5. and that when all the necessary and sufficient conditions are present, the probability of the outcome is 100 percent. The standard you've imposed of "All necessary and sufficient conditions", for a determinist, will, by necessity, result in an attempt at -- if not an outright claim of -- omniscience. That's easy enough to show. A coin toss has a probability distribution of 50/50 (50% heads, 50% tails). If you manage to discover "all necessary and sufficient conditions" that determine a heads or tails outcome with a probability of 100%, then you've merely pushed the indeterminacy back one step
  6. The very fact that Dawkins acknowledges that some "cheating" is involved in this particular case indicates that he is not depending on it to make his entire case. He goes on to argue that evolution requires no such predetermined goal. Then for the sake of keeping his demonstrations relevant to the point he is trying to make -- sound pedagogy, after all -- he should run a computer simulation that's actually like the evolutionary process he wants us to believe in. Run a simulation without a target sequence, and without a "filter" selecting letters by the standard of the target sequence, and see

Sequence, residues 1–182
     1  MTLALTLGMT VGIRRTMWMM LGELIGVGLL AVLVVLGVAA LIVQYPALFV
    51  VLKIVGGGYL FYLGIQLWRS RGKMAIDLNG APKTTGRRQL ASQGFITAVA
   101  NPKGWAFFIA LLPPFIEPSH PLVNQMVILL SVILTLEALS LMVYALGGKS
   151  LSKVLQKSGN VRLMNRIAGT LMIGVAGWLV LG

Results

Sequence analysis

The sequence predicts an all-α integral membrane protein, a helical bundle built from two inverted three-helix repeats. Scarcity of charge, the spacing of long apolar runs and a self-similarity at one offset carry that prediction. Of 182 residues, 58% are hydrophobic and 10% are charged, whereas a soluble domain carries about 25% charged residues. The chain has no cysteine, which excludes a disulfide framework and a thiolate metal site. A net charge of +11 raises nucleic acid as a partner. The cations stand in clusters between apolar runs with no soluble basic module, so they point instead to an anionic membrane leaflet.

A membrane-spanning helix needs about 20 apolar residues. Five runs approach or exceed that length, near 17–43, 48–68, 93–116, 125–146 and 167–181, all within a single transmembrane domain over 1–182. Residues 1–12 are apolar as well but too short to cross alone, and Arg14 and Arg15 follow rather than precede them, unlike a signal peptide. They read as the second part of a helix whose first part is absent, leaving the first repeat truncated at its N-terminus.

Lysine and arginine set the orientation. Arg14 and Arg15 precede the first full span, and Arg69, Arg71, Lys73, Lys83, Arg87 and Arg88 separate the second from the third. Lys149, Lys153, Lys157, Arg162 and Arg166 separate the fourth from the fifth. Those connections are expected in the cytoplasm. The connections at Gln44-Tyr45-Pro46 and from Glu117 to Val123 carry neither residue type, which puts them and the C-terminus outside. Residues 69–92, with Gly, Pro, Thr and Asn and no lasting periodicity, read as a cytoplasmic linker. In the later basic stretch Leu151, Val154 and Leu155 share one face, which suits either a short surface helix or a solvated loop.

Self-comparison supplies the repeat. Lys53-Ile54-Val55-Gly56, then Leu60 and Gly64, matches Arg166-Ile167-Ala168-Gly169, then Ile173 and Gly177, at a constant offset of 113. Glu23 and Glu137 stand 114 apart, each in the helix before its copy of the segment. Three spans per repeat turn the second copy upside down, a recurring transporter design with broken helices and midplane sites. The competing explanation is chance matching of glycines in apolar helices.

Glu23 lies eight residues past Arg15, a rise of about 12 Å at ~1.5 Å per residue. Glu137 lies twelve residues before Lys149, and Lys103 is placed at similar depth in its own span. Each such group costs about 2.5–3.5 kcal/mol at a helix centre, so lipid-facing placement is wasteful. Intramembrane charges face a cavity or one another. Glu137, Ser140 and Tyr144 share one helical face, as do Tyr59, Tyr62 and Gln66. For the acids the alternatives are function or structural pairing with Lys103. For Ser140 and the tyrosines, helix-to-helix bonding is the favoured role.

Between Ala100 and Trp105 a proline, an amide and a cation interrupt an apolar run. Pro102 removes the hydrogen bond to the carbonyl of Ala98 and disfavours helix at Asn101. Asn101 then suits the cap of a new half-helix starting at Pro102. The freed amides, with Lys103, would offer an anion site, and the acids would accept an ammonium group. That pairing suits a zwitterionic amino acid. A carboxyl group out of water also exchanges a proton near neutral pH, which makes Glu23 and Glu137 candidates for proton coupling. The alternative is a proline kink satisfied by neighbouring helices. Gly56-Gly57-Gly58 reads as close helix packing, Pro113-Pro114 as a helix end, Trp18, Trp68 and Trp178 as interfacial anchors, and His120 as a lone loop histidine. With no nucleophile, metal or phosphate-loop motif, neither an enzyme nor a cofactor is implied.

7. LOL. Assume the roads are in Montana, North Dakota, and South Dakota in non-urban areas. ROFL!! Now try actually observing reality. If the superhighway that real researchers confront when trying to move their critters from one side to the other were like an empty one in North Dakota, why must they always resort to intelligently-designed artifices for every lane to help the critters to the other side? In reality, most natural forces are completely hostile to the formation of life. Even Francis Crick claimed that the gap between non-living chemicals and the simplest living organism was far grea